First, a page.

Hiatt: Raising the minimum wage is a good idea
I applaud Stephen Prince for his column about the minimum wage in the August 29 Opinion page.
It’s generally agreed that the federal minimum wage had its greatest purchasing power in 1968 when it was $1.60 per hour, equivalent to almost $12 per hour in 2018 inflation-adjusted dollars.
If the minimum wage had kept pace with both inflation and increases in worker productivity since 1968, it would be over $19 per hour now.
Raising the minimum wage doesn’t benefit only governvment at all levels by increasing tax revenues and reducing expenditures for social programs, as Prince mentions, it starts a cycle of rising prosperity that benefits everyone in society; it certainly benefits the workers themselves, but additional purchasing power in the pockets of the poorest Americans also benefits businesses who see an expanded base of customers able to purchase their goods and services. Henry Ford realized this a century ago, when he was setting up his first automobile assembly lines: it would be good for business in general, and for the Ford Motor Company in particular, if he paid his assembly-line workers enough that they could actually afford to purchase one of the vehicles they were manufacturing.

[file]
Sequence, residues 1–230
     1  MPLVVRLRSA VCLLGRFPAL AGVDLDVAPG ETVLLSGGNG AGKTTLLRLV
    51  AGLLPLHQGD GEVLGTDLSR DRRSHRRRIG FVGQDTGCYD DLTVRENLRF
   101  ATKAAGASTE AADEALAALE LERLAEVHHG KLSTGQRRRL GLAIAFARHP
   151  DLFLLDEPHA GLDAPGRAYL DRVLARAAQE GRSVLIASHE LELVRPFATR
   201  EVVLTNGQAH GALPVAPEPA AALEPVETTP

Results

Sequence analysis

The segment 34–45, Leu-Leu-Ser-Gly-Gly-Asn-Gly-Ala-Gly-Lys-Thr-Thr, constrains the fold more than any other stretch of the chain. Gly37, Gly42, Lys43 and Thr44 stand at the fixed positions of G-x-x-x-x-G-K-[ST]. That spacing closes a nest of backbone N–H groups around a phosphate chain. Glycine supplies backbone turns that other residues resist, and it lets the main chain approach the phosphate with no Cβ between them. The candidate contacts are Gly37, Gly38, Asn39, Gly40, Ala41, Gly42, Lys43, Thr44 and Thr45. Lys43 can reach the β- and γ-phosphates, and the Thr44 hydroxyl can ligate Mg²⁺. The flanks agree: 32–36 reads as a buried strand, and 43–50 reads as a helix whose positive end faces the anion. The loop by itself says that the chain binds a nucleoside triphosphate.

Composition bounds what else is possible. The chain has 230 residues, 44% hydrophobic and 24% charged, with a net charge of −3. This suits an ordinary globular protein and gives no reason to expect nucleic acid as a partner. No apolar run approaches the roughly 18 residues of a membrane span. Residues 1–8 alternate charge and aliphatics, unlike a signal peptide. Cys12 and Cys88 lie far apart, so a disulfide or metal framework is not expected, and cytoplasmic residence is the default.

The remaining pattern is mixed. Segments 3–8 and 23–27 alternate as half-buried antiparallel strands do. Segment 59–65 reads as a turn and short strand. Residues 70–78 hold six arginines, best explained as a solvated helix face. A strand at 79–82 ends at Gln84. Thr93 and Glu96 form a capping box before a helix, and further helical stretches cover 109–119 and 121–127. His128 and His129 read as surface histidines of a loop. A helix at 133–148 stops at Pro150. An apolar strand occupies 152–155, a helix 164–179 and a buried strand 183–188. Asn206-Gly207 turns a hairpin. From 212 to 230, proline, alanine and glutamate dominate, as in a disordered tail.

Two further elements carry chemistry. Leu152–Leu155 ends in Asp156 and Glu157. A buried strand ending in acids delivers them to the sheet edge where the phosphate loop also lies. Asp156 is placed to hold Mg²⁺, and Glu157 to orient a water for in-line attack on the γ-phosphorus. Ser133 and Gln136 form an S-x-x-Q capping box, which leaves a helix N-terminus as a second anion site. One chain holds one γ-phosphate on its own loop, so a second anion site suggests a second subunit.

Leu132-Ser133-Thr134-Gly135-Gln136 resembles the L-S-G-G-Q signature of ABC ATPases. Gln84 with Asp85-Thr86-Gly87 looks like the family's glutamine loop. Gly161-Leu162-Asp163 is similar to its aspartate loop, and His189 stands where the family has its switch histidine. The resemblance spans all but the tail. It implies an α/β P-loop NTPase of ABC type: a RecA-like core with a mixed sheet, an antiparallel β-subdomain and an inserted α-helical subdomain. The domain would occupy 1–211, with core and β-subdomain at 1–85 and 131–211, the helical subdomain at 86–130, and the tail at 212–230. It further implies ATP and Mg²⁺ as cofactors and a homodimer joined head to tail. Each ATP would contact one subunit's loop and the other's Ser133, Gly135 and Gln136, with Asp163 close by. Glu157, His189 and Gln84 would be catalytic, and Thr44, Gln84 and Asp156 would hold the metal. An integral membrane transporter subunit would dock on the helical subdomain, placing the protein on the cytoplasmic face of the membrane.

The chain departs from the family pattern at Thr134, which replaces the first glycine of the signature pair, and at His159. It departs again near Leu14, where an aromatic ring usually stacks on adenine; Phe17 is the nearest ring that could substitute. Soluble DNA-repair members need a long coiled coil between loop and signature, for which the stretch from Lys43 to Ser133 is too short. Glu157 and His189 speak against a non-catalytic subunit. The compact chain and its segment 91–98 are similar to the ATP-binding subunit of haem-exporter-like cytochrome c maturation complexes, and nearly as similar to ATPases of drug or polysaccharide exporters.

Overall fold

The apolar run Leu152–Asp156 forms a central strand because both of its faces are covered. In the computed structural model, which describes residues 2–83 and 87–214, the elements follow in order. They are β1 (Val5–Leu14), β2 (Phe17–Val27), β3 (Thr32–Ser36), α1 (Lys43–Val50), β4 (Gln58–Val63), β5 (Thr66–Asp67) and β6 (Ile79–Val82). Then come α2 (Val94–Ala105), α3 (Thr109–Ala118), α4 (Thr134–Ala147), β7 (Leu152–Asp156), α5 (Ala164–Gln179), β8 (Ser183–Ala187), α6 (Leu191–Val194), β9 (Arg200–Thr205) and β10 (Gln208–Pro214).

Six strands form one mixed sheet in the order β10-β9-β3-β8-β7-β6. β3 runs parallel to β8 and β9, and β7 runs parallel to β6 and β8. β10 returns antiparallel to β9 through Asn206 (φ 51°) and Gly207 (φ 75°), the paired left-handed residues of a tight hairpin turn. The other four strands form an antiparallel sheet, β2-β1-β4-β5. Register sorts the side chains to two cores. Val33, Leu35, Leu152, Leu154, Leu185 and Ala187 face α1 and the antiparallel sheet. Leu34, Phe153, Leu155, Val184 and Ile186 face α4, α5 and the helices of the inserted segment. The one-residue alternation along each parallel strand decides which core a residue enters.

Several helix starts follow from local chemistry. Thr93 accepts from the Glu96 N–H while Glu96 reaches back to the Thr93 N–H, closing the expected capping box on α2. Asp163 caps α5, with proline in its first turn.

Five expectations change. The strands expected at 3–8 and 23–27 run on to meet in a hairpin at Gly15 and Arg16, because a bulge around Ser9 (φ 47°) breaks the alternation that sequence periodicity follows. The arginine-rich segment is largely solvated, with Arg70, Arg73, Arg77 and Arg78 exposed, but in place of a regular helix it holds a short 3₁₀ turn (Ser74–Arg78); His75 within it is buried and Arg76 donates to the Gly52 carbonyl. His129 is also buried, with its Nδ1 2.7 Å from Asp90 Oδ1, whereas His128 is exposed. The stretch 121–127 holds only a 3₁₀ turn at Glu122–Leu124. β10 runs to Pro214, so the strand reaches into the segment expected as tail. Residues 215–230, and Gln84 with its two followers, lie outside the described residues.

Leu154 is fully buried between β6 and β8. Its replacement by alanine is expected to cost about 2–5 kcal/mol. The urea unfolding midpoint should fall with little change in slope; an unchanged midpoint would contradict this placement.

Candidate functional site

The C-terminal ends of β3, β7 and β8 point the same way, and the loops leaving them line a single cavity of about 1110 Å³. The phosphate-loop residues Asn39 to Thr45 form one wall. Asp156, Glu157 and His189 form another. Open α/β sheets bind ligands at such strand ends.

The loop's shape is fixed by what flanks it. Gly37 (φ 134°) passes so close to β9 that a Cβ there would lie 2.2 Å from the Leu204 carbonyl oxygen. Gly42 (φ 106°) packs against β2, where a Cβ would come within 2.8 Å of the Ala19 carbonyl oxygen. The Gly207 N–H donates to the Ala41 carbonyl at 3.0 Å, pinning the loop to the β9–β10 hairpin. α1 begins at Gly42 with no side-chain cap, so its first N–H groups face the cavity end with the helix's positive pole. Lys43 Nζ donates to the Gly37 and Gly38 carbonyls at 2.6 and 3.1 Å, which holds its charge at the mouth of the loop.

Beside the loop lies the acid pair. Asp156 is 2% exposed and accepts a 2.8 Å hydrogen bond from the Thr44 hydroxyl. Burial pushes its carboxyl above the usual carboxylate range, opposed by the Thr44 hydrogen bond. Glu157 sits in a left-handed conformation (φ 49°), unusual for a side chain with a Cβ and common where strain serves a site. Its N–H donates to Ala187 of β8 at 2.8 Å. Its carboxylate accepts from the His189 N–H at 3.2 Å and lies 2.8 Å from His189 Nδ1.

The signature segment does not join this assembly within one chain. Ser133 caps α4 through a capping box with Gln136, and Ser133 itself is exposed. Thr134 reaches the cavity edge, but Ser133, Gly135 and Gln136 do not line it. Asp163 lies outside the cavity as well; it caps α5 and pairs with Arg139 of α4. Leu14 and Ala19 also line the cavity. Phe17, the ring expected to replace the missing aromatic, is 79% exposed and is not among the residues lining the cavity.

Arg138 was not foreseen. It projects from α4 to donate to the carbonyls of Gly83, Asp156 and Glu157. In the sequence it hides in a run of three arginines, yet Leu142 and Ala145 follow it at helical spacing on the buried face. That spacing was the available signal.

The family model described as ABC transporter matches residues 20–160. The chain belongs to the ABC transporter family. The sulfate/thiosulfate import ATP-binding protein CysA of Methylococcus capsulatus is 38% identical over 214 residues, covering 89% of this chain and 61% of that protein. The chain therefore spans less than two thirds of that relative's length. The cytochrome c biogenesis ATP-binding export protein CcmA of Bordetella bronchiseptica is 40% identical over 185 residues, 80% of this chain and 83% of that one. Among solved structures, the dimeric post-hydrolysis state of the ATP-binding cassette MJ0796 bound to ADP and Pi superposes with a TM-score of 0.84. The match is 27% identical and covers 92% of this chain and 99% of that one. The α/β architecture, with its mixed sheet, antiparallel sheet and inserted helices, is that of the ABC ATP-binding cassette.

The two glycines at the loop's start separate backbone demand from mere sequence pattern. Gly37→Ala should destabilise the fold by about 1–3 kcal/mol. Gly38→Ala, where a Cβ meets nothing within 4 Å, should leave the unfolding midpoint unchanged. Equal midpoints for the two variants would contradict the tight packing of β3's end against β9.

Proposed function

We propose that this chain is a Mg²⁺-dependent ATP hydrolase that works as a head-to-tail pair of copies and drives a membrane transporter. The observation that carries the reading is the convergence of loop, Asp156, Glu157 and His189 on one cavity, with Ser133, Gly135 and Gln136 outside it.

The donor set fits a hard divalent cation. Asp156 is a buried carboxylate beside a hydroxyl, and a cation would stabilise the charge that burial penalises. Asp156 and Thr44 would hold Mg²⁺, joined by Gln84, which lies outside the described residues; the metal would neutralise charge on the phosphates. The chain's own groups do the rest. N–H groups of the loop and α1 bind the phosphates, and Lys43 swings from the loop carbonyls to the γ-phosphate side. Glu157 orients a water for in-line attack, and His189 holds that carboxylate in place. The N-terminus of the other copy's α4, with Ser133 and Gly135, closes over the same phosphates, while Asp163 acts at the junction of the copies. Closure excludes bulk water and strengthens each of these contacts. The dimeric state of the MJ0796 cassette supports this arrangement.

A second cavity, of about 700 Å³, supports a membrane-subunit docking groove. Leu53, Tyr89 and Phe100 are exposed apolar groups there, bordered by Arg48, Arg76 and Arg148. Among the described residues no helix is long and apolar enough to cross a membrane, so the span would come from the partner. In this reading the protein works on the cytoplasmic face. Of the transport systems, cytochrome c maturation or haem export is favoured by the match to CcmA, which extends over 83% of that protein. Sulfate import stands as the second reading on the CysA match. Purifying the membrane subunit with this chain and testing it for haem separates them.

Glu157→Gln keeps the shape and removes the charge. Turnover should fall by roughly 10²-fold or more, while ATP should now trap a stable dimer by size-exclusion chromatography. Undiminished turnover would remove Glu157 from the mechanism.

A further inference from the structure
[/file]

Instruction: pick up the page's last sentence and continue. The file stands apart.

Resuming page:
Another worthy result of raising the federal minimum wage is that doing so would level the playing field across the nation, making it easier for farmers and business owners in relatively high-wage states like Oregon to compete with their counterparts in lower-wage states like Idaho.
For this reason alone, Oregon’s entire congressional delegation (I’m looking at you, Greg Walden) should support a federal minimum wage increase to at least $15 per hour, with continuing annual adjustments for inflation.